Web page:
Scarlett’s pregnancy brings children to the forefront of the novel for the first time. Beginning with Wade’s birth in Chapter VII, Scarlett has been a mother for nearly the entire novel. Until now, however, her children do not play an important role in either Scarlett’s life or the plot: Wade is not mentioned for long sections of the novel, though he becomes slightly more prominent in Part Five, and Ella receives only passing mention after her birth. Bonnie, however, appears more often in the novel because of Rhett’s love for her. Scarlett has never really loved anyone besides her parents—her passion for Ashley is more childhood fantasy than love—so it is not surprising that she does not care for her children. Scarlett’s instinct for self-preservation is so strong that it leaves little room for her to worry about the preservation of those to whom she feels no attachment. Each time she becomes pregnant, she reacts with a horror that would have been regarded as highly unnatural in her day. Scarlett exhibits none of the natural maternal thought essential to the feminine nature. Scarlett also dislikes her children because they resemble their fathers instead of her: Wade is timid and weak like Charles, and Ella is ugly and silly like Frank. Scarlett cares little for her husbands, so she cares little for the children of her husbands. Bonnie exhibits the selfishness and strong will that Rhett and Scarlett share, so she elicits feeling from Scarlett just as Rhett does.
In this section, Rhett solidifies his position as the novel’s male hero. Throughout the novel, Mitchell makes it difficult for us to embrace Rhett, painting him as charming at times and downright obnoxious at others. Mitchell originally presents Rhett as an anti-Southern opportunist, although she endears him to us through his wit, strength, and charisma. He also charms us by refusing to fall under the spell of Scarlett’s charisma. He teases her and torments her about the same qualities that we may find annoying and repellent in Scarlett. In Chapter XXIII Rhett proves that some of his unpatriotic scoffing is just bluster when he joins the Confederate army. Now Rhett becomes even more respectable by supporting the Democrats and becoming a devoted and loving father. Rhett also shows that despite his seeming indifference he does care for Scarlett. He vehemently objects when she wants to endanger her life with a primitive method of abortion. Though Scarlett clings to her childhood passion for Ashley, she comes to rely increasingly on Rhett’s strength and love. As he becomes more and more important to Scarlet over the course of the novel, Rhett replaces Ashley as the dominant male figure.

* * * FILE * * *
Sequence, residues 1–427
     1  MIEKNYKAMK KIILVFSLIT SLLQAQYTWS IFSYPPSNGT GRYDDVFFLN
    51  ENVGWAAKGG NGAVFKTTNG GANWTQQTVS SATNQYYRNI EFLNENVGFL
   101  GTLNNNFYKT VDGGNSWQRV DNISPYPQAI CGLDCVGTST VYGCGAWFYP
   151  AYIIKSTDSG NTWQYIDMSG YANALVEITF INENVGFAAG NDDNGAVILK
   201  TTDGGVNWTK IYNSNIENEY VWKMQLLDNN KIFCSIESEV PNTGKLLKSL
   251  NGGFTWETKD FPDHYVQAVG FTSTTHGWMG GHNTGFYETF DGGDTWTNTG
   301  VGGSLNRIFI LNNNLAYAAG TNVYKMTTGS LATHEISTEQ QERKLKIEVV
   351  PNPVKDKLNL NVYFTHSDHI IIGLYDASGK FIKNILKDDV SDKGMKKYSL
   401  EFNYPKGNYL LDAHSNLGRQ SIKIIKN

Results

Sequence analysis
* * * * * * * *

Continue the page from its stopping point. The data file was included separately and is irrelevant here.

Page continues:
Rhett’s decision to change party loyalties foreshadows the coming shift in political power in the South. Rhett, who always caters to the group that is set to emerge wealthy and powerful, now deserts the Scalawags and Republicans to join the Democrats. As the Southern Democrats rebuild their party and the Republicans become increasingly corrupt and unpopular, Rhett transfers his loyalties and his money to the Democratic cause, showing that he cares more about his social position than his honor. He makes this shift for Bonnie’s sake, to regain the respect of Southern society, but he does it in accordance with his unerring instincts. Rhett’s shrewd political sense never fails, and, as he has sensed it would, Reconstruction soon draws to a close.